Whether to use premiums in fundraising is as hotly argued as the perennial debate over whether the toilet paper should roll out from the top or the bottom of the roll.
The latest addition to the tote bag scrum suggests that the practice is counterproductive. Yale behavioral scientist George E. Newman’s recently published study, The Counterintuitive Effects of Thank-you Gifts on Charitable Giving, concludes that “although people expect that the offer of thank-you gifts will increase donations, such offers actually reduce charitable donations.”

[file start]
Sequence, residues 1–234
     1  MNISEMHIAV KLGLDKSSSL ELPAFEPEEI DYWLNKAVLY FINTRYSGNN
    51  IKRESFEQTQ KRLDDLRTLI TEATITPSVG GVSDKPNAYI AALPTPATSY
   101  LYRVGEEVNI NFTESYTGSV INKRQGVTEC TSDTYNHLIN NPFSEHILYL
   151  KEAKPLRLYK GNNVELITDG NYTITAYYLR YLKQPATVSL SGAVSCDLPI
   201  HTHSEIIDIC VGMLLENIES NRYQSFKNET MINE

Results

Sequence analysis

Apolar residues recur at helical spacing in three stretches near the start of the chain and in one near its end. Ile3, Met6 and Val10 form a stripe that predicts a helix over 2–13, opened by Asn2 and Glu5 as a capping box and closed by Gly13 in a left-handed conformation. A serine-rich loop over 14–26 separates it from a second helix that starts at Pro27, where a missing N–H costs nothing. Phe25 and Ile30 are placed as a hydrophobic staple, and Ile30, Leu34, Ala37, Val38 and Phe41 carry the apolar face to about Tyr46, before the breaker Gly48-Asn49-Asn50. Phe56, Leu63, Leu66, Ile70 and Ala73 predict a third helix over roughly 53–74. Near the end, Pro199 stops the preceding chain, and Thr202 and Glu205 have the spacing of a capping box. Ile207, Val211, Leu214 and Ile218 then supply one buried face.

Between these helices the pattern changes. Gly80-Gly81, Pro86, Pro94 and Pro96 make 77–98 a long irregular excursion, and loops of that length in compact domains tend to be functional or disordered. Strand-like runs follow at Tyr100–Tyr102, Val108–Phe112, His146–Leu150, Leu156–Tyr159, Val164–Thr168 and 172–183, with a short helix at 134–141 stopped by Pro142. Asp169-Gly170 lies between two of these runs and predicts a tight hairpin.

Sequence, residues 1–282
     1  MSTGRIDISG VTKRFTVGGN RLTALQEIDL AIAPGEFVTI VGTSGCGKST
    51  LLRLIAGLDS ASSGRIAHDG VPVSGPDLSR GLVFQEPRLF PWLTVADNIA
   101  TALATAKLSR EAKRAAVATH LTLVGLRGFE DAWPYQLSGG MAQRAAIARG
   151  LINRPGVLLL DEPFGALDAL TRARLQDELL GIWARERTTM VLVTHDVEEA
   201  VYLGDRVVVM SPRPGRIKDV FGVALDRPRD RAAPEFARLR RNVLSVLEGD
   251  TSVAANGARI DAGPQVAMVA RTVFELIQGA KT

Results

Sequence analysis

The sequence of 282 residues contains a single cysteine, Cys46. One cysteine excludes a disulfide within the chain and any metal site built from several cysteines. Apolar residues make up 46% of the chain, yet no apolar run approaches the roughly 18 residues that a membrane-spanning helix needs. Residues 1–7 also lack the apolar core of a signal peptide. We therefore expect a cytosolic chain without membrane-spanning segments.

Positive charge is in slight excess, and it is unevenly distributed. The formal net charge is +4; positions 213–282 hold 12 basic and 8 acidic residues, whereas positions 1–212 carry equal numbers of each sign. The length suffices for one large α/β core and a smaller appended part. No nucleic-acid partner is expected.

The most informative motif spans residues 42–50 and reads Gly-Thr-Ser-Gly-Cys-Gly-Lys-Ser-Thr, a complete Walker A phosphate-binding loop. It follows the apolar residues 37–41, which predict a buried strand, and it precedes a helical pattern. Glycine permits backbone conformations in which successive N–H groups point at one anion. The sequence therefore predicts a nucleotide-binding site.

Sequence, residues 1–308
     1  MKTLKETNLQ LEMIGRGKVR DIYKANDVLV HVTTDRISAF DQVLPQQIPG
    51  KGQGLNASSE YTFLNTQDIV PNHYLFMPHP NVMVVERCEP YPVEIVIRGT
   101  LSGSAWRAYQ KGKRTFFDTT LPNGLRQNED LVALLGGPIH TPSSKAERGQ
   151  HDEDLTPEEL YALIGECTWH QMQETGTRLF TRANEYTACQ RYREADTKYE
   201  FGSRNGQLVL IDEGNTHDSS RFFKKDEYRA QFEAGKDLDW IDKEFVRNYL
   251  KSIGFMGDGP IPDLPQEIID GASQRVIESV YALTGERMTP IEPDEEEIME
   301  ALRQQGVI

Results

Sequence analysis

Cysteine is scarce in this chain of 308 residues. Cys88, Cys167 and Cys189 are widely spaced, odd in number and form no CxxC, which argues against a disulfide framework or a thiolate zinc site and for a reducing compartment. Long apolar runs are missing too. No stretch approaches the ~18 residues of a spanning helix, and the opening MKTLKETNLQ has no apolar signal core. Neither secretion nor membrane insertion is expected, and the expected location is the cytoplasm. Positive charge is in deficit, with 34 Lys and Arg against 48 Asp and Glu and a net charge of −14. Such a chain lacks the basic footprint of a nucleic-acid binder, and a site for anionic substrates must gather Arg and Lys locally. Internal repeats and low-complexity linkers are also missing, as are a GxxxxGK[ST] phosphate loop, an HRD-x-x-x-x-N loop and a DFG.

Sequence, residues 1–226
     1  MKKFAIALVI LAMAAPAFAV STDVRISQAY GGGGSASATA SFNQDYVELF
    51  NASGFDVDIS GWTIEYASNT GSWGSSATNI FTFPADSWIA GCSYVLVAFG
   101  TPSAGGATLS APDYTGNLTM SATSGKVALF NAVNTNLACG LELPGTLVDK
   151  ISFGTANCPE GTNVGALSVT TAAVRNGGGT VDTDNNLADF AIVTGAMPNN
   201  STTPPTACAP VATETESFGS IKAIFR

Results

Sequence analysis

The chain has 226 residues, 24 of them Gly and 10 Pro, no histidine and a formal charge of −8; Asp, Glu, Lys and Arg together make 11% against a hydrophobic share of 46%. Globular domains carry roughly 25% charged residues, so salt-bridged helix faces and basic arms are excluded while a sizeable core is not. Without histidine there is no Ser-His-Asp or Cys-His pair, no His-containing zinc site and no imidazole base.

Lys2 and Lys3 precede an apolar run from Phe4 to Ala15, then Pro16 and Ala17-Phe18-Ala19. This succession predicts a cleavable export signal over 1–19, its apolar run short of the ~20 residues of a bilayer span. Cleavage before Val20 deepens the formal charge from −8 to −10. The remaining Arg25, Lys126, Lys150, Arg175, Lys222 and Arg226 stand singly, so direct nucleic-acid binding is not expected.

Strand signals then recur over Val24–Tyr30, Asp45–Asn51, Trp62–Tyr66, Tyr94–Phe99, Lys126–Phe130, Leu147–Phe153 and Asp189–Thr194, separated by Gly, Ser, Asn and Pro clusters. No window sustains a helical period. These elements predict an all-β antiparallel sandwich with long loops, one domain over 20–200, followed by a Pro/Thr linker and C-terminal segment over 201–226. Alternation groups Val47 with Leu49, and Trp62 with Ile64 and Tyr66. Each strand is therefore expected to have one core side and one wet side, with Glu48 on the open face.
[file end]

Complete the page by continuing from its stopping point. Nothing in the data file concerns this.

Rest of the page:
The finding, based on six different experiments, suggests that the transactional nature of the gift may cut into people’s charitable motivations. In other words, when people see a donation as a form of commercial transaction, the satisfaction that comes from being altruistic lessens, which leads to less generosity.”
In his seminal book Predictably Irrational, behavioral economics titan Dan Ariely makes essentially the same point by distinguishing between “social” and “economic” norms. Giving to a cause purely to save a child’s or a puppy’s life reflects social norms. Doing it and getting a puppy calendar in return flips the switch to economic, which yokes the “how much should I give?” question to the “what is the calendar worth?” question.
The result is almost always a smaller donation.